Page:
New FOIA Shows NICS Indices Self-Submission Form In Use In Medical Facilities Since 2011
On December 19, 2019, AmmoLand News broke the news that the FBI was using a form called the “NICS Indices Self-Submission Form.” The form would allow an American to add themselves to the National Instant Criminal Background Check System (NICS) as a prohibited person without meeting the requirements for the designation. Now a new Freedom of Information Act (FOIA) request by Gun Owners of America (GOA) shared with the Washington Examiner shows that the FBI had partnered with hospitals to get patients to sign away their gun rights.
“Any time you have evidence of private entities coordinating with federal agents to strip Americans of their rights, the public should be alarmed and demanding answers and action,” Aidan Johnston, federal affairs director for GOA, told AmmoLand News. “This is just the latest terrifying new instance of the illegal NICS self-submission form being used in nefarious ways, and those who used it to violate the public’s trust must be held to account.”
Medical facilities in New Hampshire, Delaware, Massachusetts, and Oklahoma used the FBI-supplied forms to have patients sign away their firearms rights between 2011 and 2019. The American citizens would sign the document stating that they are a danger to themselves or others. Many gun rights advocates worry that these Americans could have been pressured into giving up their rights or misled about what they were signing, especially since most were seeking mental counseling.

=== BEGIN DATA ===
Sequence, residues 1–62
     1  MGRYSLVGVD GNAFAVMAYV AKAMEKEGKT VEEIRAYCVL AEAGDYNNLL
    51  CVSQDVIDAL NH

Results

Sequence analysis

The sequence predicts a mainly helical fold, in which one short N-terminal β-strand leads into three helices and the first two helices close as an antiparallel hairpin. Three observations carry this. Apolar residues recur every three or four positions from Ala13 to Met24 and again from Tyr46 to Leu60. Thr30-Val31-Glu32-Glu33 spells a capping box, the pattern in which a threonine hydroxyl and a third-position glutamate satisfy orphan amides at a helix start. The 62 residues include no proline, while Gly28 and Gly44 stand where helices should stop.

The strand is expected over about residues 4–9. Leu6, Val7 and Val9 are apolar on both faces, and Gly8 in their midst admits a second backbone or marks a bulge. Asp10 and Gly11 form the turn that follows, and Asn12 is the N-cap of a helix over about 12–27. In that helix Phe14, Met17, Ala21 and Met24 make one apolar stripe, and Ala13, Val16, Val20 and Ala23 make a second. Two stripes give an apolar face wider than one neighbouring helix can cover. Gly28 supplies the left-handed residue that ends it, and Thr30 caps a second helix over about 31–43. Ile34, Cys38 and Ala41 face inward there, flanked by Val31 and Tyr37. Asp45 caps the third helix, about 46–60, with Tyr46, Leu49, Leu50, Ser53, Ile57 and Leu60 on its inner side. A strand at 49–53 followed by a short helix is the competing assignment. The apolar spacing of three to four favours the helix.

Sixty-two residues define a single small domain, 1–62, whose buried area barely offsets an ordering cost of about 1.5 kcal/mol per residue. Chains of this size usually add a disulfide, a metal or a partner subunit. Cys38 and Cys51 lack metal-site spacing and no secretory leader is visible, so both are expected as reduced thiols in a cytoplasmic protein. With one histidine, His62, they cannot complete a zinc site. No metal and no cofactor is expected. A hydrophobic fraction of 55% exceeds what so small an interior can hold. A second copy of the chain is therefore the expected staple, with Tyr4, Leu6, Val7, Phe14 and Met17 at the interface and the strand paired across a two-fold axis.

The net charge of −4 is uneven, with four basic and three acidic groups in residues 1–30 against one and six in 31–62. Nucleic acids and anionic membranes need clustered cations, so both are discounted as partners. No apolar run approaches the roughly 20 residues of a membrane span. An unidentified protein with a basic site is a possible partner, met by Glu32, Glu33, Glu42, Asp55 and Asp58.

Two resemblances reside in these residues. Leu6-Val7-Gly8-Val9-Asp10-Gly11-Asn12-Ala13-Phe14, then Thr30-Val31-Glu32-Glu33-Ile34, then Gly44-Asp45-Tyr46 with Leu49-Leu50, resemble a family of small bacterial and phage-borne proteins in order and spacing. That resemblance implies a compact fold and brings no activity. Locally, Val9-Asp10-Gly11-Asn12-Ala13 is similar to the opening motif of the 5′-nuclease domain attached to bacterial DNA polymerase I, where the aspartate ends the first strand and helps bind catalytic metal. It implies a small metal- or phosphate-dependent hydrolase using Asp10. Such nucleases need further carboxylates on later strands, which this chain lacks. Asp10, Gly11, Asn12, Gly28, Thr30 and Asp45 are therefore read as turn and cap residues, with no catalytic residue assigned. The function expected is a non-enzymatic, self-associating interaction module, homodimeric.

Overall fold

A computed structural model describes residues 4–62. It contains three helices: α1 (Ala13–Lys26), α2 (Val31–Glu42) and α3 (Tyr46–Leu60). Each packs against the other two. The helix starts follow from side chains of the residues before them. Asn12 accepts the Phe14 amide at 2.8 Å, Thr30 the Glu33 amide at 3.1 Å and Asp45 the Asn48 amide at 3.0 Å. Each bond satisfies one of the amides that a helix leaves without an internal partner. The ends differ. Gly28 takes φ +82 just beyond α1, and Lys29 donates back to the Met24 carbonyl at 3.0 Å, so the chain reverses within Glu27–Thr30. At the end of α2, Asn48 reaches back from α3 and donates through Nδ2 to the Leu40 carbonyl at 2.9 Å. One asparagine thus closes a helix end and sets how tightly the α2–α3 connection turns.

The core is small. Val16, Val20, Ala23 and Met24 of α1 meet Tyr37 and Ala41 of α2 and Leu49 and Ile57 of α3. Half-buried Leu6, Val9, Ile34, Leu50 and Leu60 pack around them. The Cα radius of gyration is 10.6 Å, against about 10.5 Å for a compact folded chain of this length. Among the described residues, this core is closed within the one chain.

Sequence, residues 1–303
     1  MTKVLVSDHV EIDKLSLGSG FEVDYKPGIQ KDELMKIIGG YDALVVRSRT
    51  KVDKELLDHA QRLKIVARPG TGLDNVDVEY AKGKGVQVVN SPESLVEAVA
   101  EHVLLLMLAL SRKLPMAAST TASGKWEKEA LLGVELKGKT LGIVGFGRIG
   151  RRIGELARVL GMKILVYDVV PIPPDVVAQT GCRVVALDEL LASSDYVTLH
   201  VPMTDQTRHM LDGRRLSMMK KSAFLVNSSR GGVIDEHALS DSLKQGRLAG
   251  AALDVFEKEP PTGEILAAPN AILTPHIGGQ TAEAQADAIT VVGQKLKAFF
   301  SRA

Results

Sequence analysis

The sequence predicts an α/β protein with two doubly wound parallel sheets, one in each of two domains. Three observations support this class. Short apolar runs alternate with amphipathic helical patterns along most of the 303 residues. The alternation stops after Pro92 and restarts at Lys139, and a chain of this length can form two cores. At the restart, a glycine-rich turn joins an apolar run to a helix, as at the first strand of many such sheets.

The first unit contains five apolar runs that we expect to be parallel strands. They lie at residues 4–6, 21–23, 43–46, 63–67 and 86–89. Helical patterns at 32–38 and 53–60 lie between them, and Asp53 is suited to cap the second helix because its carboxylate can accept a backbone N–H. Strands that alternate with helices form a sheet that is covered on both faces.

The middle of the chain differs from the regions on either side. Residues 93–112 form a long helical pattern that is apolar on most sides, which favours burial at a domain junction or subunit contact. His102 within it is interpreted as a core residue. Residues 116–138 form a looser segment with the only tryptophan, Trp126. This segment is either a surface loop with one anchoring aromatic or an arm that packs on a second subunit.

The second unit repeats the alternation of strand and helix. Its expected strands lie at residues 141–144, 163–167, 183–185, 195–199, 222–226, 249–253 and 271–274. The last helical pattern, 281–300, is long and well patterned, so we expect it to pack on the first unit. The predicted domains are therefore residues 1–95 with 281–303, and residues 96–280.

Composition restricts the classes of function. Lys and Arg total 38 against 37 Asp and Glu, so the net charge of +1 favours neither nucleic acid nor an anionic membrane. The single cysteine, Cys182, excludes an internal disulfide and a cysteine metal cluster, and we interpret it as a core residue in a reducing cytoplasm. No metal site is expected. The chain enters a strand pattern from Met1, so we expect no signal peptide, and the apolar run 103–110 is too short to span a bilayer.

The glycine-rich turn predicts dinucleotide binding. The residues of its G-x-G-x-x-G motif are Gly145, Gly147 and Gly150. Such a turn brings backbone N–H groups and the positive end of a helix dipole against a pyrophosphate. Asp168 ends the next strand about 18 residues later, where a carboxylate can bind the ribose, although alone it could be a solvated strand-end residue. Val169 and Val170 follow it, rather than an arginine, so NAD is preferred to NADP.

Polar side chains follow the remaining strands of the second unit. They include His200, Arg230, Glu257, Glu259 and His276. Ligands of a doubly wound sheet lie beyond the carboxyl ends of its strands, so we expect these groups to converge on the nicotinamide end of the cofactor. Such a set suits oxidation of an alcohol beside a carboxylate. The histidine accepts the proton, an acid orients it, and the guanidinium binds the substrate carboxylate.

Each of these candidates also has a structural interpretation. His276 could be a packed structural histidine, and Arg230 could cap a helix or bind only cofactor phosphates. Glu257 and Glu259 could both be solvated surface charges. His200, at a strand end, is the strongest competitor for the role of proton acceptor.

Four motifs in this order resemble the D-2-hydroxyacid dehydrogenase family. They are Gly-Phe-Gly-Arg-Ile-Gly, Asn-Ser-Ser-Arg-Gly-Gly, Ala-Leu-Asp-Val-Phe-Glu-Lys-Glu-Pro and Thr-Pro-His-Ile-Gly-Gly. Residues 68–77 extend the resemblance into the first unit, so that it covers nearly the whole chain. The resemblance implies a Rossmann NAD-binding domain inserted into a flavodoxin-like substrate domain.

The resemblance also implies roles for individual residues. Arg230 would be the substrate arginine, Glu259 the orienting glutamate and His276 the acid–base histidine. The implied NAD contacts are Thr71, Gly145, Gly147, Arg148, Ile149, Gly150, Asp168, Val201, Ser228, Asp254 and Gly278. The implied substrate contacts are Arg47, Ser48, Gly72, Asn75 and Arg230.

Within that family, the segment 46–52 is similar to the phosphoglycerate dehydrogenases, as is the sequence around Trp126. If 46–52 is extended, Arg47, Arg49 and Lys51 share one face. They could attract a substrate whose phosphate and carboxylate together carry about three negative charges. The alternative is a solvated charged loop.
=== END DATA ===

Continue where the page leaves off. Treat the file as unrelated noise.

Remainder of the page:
At least five cases of the forms being used were found in the FOIA response, although the actual number could be much higher. The FBI discontinued the use of the documents in 2019 once the AmmoLand News story broke. At the time, the evidence showed the forms were only in use for three years. The new FOIA response from the FBI indicates that the documents were in use for at least eight years and possibly longer.
One person who signed the form claiming “to be a danger to myself or others” was not involuntarily committed or adjudicated to be mentally defective. The person did not fall in the “prohibited” category of the NICS indices until the person signed away their rights.
The Gun Control Act of 1968 (GCA) sets the ground rules for adding a person to the NICS indices. Still, it does not include a method for someone to add themselves voluntarily to the index causing many legal experts to worry that the forms were not a legal method to be added to the prohibited list. This worry means many on the list might have been added illegally by the FBI.
The patients in question were judged not to have the mental capabilities to own a gun but were mentally sound enough to sign a life-altering document. To many, including those in Congress, that is a contradiction. Last November, Rep Andrew Clyde (R-GA) introduce a resolution demanding the Justice Department turn over records about the use of the form. Democrats in Congress blocked the bill.
The medical facilities listed in the documents that responded to AmmoLand’s request for comment refused to turn over any details, citing patient confidentiality.
About John Crump
John is a NRA instructor and a constitutional activist. John has written about firearms, interviewed people of all walks of life, and on the Constitution. John lives in Northern Virginia with his wife and sons and can be followed on Twitter at @crumpyss, or at www.crumpy.com.